Students art performance after
17 December 2014
"How to Burn a Gingko Biloba
Under a Magnifying Glass in a Cold Day in Winter" is a tribute to
scientist, herbal pharmacologist and ecotoxicologist Dr. Pierre
Malychef performed in accordance with The Society of False
Witnesses. I have first encountered the living fossil tree, Gingko
Biloba, in person in the ecotoxicologist's own garden during my
research into "The Blue Barrel Grove" (2014-ongoing) — a project
investigating a toxic waste trade that was delivered in maritime
space between the Lebanese Forces and the Italian mafia in 1987. The
case was abruptly closed in 1995 when the scientist, being one of
the three officially assigned scientists-investigators of the
shipment and its diffusion in Lebanon, was accused and decreed as
false witness for publicly denouncing the fatality of the wastes.
Speaking of death and death claims, he later devised from the yellow
fossil leaves a medicine to aid memory. Performed in broad winter
light with the ecotoxicologist's own magnifying glass in reference
to Archimedes' "heat ray", the leaf never caught fire.
The Society of False Witnesses روزــلا دوهــشلا يداــن: is a theatre
company founded by Jessika Khazrik in 2014. Its first member was
scientist and ecotoxicologist Dr. Pierre Malychef who was accused in
1995 by prosecutor Saaid Mirza of being a false witness .
Tell me a story
I sit on a chair in nature infront of a mirror, my eyes folded
with a black ribon and I start to comb my hair
to my left, an empty chair
an invitation to he who wants to tell a story
this work lies between two memories
the memory before 2011 which was the inspiration for my previous
and the memory after 2011. and all human and social changes that
happened in reflection to the political situation in the region
for me, and during my life in Damascus for three years, I didnt
live the war directly
my imagination lived the war
through the stories I heard during my work with Syrian refugees
people's sufferings in days of seige or war
and through the sound of planes and rockets and bombs and
explosions and firing close to my studio.
Take your shoes off
Can I ask you something please ?
Can you stop controlling everything ?
Do you feel comfortable in our bed ?
Our performance was an experiment of interaction between our
intimate place and the public place, a space of intimacy that the
four performers shared, four bodies creating an isolation and
offering a shelter that one may take or refuse, we were
experimenting people’s reactions when they were asked questions
outside and inside the private space, we were ourselves and the
options were entirely open and each one could choose to stay outside
or enter .
Do you want your shoes back ?
In this piece I wanted to explore the idea of cleanliness-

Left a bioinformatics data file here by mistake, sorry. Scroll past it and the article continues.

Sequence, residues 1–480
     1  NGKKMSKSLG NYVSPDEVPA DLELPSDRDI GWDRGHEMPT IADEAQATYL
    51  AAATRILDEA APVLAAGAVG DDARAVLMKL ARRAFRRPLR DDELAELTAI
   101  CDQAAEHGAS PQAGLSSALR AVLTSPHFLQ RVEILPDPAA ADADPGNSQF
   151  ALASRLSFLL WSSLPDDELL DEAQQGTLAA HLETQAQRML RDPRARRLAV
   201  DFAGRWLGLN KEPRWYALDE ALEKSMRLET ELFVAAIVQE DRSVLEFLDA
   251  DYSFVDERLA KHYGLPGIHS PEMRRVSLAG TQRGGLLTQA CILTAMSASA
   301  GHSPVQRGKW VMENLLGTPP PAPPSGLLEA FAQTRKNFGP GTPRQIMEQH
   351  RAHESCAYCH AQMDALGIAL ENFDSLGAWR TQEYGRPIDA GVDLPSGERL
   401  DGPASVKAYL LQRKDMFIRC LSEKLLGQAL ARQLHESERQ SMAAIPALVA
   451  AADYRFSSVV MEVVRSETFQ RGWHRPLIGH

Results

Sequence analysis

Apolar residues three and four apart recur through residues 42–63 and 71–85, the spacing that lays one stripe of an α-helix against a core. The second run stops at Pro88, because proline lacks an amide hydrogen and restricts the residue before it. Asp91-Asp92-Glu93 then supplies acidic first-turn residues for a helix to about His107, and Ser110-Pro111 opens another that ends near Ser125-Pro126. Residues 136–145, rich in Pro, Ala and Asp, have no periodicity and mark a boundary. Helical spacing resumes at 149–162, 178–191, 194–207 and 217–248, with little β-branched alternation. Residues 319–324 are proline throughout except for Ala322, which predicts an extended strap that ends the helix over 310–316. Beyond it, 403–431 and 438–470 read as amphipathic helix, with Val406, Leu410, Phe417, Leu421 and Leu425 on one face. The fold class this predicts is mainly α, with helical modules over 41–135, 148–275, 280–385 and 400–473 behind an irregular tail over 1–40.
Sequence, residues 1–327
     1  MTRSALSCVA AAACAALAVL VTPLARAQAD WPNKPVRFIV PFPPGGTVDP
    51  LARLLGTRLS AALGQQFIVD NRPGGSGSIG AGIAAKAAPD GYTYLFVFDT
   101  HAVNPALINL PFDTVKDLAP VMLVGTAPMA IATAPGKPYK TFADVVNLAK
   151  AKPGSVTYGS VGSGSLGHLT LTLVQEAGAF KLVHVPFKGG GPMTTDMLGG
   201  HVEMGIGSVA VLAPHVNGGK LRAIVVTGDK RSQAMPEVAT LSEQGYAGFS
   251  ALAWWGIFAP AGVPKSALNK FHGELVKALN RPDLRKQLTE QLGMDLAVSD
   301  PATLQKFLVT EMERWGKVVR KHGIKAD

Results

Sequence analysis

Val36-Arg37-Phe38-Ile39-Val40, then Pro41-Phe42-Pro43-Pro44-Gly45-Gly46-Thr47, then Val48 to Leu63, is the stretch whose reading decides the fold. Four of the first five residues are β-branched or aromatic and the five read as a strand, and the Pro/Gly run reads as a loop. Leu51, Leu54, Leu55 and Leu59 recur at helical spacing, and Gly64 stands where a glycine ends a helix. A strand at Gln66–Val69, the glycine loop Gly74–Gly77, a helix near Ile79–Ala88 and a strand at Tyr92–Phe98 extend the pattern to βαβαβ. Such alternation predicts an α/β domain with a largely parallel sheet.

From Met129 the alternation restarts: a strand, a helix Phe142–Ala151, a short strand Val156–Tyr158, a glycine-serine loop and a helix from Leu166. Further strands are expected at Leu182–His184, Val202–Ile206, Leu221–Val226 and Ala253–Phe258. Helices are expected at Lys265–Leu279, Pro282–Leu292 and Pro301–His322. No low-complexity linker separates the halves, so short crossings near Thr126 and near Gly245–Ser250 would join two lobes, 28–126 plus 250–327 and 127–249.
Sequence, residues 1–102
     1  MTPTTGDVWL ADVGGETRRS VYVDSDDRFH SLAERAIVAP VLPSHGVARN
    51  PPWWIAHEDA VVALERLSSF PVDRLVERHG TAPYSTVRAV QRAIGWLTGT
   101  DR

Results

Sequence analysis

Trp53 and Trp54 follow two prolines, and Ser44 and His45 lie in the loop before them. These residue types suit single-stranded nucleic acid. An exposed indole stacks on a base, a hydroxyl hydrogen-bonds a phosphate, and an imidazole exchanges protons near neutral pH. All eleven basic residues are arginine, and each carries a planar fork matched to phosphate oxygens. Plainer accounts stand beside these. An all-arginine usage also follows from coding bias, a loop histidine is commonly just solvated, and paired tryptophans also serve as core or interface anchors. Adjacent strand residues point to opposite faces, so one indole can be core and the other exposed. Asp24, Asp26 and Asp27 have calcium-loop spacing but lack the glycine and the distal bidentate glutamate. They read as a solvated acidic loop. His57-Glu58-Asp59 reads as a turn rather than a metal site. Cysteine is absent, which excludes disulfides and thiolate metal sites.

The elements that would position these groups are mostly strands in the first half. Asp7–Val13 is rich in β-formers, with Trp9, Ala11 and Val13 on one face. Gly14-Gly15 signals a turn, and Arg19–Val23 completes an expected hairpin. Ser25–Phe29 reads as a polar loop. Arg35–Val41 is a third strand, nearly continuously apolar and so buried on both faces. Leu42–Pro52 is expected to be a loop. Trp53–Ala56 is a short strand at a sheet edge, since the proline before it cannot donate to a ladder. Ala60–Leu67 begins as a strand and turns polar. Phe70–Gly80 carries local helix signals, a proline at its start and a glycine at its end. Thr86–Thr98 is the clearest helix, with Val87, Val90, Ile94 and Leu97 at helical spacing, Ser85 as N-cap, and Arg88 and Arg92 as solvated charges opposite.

Cleanliness in how we present ourselves physically and cleanliness
in how we present ourselves emotionally on a day-to-day basis
I thought about what objects we use everyday, object that assist in
how we present ourselves to the world, objects secretly, almost
invisibly, vital to upholding our daily routines. What if we
couldn't throw these pieces of ourselves away? What if the
parameters of our self-image had to widen to include those dirty,
unpresentable, secret, pieces of ourselves?
We throw away toilet paper just like we throw away anything else we
no longer have uses for. As soon as we discard an object we treat
that object as if it no longer exists. We treat the piece of toilet
paper, like we treat Styrofoam and, in countries without recycling
systems, like we treat the plastic bottle.
Thinking about the life of an object after it has been discarded
feels abnormal, silly, unnecessary. It's gone, why should we think
about it? But it isn't gone.
Today the human species finds itself at a tipping point- at the
brink of environmental collapse- We must begin changing our
behavior, thinking less about our self-image and more about what we
do to maintain it, we have to start questioning our every day
consumption of discardable objects.We have to begin building new
routines, growing new values, and reimagining our place in the
In this piece I wanted to reverse the way I behave when I'm sad- I
usually blow into a few tissues cry a bit, discard the wet paper,
and walk back into the world of the public eye as if nothing
happened. Here I revisit the pain in my life but instead of hiding
the ugliness, instead of throwing it away, I present it as part of
myself. I present a body that is bound to the objects it uses. In
this performance piece I eat the roll of toilet paper. It is an
exaggeration of an important truth, a truth we routinely ignore.
This truth is that we are forever bound to the objects we use. There
is no such thing as throwing away.